On the wall of my home is a red goat-skin lamp in the form of a lizard.
I choose to ignore the fact that I'm still waiting to have him wired up so he serves his proper purpose, mainly because I think he's adorable and, having lugged him across three continents in my hand luggage and had him approved by customs agents at Auckland International Airport, I'm happy to wait a little longer until I find the perfect spot for him.
You see Fernando, as I've dubbed him, is that rare thing: a bulky and unusual item brought back from holiday which I still think was a good purchase almost a year and a half on.
Poor Fernando's not in good company. Most of my other large purchases from Morocco and further afield lost their novelty factor soon after I'd carried them back to my accommodation in whichever city I'd found them.
That was the case with the tagine dish I decided I had to haggle for at a dusty outpost on the way to road's end in the Sahara. Don't get me wrong, I love my tagine pot, but the hassle of getting it from the north African desert to New Zealand was, in retrospect, not worth it.
It's authentic and pretty to look at, but I would be lying if I said I had used it more than a few times since engineering its epic world journey. And I've since seen some equally lovely pots in a Ponsonby Rd shop, much to my chagrin.
The tagine pot was an error of judgment that crept up on me. It was the memory of multi-coloured lead light lanterns in Istanbul's Grand Bazaar (which I'd refrained from buying) that convinced me, even before setting out for Morocco, that I needed a Moroccan lamp ... but a tagine pot?
Perhaps it was the vibrancy of the Moroccan markets and the expert patter the proprietors employed to sell their wares.
Maybe I thought owning a piece of earthenware from the nation I was having such a superb holiday in would remind me of fragrant mint tea and revitalising harira soup every time I looked at it.
I'm not sure. What I do know is that I broke my own rules set years ago to try to minimise incidences of tourist shopper's remorse.
After buying a miniature didgeridoo in Australia, which I never learnt to play, I narrowed my list of preferred holiday buys to three sub-groups: small artworks, clothes and jewellery.
Sticking to this plan has served me well. Jewellery doesn't take up much space and can be worn as often as you like upon your return to remind you of adventures past.
Likewise, clothing tends to last a while and there's a satisfaction to be gained from telling someone inquiring about your new leather jacket that it was bought in Italy or Argentina.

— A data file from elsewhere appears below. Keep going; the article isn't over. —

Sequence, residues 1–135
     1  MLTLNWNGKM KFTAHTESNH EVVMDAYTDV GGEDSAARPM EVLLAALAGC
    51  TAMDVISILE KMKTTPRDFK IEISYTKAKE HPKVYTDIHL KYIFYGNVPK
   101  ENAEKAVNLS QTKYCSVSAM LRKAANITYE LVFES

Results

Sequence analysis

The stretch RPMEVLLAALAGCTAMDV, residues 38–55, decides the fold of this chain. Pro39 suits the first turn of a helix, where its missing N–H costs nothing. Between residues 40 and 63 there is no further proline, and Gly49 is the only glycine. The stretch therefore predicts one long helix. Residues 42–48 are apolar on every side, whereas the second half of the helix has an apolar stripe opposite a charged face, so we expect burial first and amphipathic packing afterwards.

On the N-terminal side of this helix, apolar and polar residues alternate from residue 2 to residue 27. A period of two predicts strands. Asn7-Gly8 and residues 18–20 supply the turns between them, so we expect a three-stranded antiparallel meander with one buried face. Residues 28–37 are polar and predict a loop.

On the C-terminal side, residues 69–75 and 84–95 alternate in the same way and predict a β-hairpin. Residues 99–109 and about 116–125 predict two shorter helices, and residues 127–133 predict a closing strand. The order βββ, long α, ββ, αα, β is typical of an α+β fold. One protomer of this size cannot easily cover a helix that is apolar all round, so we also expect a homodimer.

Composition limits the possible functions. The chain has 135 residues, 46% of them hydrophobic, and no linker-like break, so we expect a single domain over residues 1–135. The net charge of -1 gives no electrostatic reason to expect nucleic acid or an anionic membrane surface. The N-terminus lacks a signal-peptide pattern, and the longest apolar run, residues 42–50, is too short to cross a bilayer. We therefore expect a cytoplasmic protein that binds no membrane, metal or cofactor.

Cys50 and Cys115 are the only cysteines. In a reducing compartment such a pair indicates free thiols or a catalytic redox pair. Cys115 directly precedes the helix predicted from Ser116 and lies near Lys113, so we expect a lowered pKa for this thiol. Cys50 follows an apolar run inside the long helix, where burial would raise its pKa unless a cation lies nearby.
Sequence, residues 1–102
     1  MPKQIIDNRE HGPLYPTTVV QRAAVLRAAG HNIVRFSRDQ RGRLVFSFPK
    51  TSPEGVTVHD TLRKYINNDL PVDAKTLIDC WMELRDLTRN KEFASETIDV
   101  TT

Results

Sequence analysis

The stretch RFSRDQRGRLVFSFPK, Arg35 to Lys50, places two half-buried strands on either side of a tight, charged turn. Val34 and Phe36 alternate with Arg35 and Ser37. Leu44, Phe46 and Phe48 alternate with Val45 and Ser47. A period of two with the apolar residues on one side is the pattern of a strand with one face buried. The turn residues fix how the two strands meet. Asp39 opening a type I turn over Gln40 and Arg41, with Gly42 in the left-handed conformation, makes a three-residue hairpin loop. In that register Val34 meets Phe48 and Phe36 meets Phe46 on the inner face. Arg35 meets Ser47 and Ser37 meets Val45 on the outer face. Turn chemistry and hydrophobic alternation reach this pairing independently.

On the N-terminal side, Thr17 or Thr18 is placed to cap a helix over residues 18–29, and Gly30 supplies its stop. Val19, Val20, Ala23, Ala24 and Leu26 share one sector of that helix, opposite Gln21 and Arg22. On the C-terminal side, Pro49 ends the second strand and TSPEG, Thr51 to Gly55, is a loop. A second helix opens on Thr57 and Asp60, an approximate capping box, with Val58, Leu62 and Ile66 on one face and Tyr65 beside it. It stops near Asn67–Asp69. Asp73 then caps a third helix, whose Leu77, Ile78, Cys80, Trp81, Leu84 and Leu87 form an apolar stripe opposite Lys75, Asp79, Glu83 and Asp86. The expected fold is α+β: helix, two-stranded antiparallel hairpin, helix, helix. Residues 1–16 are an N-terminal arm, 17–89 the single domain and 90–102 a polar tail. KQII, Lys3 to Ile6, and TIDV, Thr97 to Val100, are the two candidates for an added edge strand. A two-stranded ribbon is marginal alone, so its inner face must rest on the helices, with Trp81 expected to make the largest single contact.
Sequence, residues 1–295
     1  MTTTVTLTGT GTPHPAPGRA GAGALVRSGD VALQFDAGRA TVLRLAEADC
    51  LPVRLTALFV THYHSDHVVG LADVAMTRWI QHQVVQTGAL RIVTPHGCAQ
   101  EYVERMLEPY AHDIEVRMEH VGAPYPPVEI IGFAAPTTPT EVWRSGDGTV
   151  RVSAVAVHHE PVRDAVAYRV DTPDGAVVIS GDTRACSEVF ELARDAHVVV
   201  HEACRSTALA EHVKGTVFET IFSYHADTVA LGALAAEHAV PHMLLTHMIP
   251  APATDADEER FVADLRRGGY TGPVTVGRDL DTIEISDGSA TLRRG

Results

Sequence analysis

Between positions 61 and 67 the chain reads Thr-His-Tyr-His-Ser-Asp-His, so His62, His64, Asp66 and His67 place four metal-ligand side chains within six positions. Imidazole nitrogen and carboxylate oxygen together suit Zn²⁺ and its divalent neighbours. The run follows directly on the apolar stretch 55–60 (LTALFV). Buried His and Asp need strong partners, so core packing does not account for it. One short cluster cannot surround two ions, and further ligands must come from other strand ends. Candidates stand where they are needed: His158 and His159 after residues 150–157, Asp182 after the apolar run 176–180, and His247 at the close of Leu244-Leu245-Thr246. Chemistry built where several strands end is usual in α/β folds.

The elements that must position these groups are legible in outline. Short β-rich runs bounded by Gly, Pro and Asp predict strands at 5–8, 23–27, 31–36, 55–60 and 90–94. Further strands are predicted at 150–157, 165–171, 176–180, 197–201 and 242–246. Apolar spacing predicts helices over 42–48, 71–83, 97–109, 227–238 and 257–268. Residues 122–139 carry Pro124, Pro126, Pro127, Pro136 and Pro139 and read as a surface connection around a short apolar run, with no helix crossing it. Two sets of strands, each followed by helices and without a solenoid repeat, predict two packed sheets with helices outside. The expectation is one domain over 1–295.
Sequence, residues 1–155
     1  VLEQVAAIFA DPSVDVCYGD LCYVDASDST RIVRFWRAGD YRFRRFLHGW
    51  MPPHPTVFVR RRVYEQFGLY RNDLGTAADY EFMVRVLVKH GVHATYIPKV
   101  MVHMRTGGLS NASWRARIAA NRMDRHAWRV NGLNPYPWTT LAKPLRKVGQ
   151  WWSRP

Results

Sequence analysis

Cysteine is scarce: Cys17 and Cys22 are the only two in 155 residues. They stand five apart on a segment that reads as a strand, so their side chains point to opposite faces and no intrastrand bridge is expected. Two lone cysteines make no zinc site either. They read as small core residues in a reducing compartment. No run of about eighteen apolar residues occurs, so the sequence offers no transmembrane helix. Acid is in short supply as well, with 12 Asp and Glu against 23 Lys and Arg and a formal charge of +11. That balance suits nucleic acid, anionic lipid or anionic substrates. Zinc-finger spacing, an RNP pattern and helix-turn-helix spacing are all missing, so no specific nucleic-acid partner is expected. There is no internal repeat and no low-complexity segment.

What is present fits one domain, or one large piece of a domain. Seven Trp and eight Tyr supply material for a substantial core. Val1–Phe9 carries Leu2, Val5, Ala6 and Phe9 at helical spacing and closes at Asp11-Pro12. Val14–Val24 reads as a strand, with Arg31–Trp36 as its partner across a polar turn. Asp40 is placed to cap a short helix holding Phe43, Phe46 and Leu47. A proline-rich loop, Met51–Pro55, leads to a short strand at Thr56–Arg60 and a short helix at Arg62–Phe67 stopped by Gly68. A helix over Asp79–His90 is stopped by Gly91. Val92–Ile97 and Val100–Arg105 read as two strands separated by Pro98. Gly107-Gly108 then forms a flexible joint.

There will always be items which we fall in love with on our travels. A half-tonne Bavarian cuckoo clock for the hallway or a hand-knotted silk rug the size of Eden Park may be unique, but need to be carefully considered.
Most instances of tourist shopper's remorse can be avoided through a little planning. If the country you're visiting specialises in a particular product you've always fancied, read up beforehand so you know how to sort the wheat from the chaff upon arrival.
If the item is big, factor the potential freight and shipping costs into your decision. That hand-painted vase may be beautiful, but will you still think so when you've paid the equivalent of a second plane ticket to have it sent back to your house? Try never to buy big-ticket items on the spur of the moment. Instead, set a budget before you leave and stick to it.
Companies selling large items will often arrange shipping, but it's worth making sure their quote is competitive by contacting some freight companies yourself. The advantage of having the seller arrange freight is that all the paperwork for customs clearance will, hopefully, be in order.
As for those smaller unwanted purchases, just learn to say no. Ask for a second opinion if you find your resolve waning. A friend will usually be able to point out the folly in buying a 50-piece Vladimir Putin babushka doll.
Take a photo of the item, if you must. It will last longer and provide the basis for a great holiday storytelling session.
What's the craziest thing you've brought back from an overseas trip?By Eveline Harvey Email Eveline